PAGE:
Get this…I read in Fortune Magazine that at a Container Store in Dallas, there’s an IT manager, who is also a part-time yoga instructor who teaches free weekly yoga classes to her staff. Her colleagues have responded enthusiastically since the classes began two years ago; 25% now join in the bending and stretching. “It’s a good mental practice that can be applied to physical purposes,” says Betty Murray, the IT Manager/Yoga Instructor.

Being Gumby is about doing whatever needs to be done to serve a customer, help a co-worker, or complete a task. It’s about not getting “bent out of shape” when a customer makes a request of you that you’d rather not do. And it’s also about bouncing back quickly after having a tough encounter with a challenging customer.

The Container Store constantly reinforces the Gumby culture by having a 6 foot tall wooden Gumby in the lobby at the company’s headquarters and giving away the annual Gumby award to the employee who exemplifies flexibility.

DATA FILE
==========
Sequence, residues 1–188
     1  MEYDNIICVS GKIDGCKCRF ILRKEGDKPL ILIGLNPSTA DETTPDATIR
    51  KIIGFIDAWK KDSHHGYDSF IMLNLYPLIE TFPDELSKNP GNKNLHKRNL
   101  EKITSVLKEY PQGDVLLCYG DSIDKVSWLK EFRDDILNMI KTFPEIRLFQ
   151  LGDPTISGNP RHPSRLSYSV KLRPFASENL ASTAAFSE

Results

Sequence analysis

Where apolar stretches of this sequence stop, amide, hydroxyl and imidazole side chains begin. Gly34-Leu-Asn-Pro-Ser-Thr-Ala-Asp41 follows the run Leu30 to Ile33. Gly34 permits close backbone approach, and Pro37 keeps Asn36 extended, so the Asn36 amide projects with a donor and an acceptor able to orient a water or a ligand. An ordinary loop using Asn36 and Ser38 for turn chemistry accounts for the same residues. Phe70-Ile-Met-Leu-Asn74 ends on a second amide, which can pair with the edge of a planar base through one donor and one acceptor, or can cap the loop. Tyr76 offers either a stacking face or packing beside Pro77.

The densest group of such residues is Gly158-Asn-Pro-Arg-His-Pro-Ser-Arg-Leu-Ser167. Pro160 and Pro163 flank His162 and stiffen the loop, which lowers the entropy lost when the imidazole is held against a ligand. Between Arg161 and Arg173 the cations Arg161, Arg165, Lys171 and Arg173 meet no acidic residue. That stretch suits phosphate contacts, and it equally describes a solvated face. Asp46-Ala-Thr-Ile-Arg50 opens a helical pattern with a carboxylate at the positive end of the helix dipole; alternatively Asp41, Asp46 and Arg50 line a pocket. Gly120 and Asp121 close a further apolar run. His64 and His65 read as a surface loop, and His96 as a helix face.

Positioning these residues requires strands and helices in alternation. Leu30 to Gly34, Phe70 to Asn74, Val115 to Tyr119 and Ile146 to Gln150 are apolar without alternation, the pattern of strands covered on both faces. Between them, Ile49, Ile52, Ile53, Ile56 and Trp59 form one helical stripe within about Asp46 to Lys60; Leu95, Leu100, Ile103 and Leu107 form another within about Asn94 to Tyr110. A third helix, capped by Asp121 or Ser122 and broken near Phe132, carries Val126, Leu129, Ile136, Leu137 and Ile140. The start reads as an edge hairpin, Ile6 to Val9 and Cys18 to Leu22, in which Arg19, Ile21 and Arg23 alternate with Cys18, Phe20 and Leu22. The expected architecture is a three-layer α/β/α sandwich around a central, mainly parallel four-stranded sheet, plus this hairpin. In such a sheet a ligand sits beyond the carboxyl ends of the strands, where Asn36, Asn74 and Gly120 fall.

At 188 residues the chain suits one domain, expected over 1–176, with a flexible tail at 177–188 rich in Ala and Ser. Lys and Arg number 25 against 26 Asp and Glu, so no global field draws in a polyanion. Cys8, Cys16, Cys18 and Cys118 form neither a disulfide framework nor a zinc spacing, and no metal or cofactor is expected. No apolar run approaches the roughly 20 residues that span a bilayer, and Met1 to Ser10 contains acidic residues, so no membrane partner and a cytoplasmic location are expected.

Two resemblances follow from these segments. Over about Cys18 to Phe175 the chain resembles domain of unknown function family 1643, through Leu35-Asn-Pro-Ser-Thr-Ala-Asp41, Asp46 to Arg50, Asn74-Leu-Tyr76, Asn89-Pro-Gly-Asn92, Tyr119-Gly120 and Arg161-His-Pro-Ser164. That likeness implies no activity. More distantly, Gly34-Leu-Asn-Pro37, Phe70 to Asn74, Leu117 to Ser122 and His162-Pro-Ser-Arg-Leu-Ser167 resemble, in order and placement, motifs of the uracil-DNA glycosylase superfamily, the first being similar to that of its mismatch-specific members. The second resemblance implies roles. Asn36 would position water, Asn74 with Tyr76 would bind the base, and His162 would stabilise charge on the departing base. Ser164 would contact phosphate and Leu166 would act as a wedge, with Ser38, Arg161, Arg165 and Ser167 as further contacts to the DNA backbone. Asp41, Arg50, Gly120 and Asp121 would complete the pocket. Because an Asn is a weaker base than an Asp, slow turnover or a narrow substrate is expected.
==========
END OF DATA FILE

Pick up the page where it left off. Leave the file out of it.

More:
Get your employees to adopt the flexibility of Gumby and your company will be well on the path to delivering Beyond WOW service!

 Sources Cited

Christopher Tkaczyk, 100 BEST COMPANIES TO WORK FOR
FORTUNE, Monday, Jan. 12, 2004

We are best known for our classroom training – and it is amazing! Our customer service training is led by the industry’s best trainers…experienced, engaging, and energetic. If you poke your head into a Myra Golden training session, you know this training is different. Participant involvement is astonishing. People are having fun and they are completely engaged. Most importantly, the participants are learning real-world strategies that will absolutely empower them to deliver exceptional customer service. Every one of our customer service training sessions is custom designed to meet our client’s objectives and every session delivers a measurable return on investment.

We also offer train-the-trainer (T3) programs to equip your corporate trainers to deliver our renowned customer experience training in your organization. Please call us at 918-398-9368 to discuss bringing our T3 program to your organization. Learn more: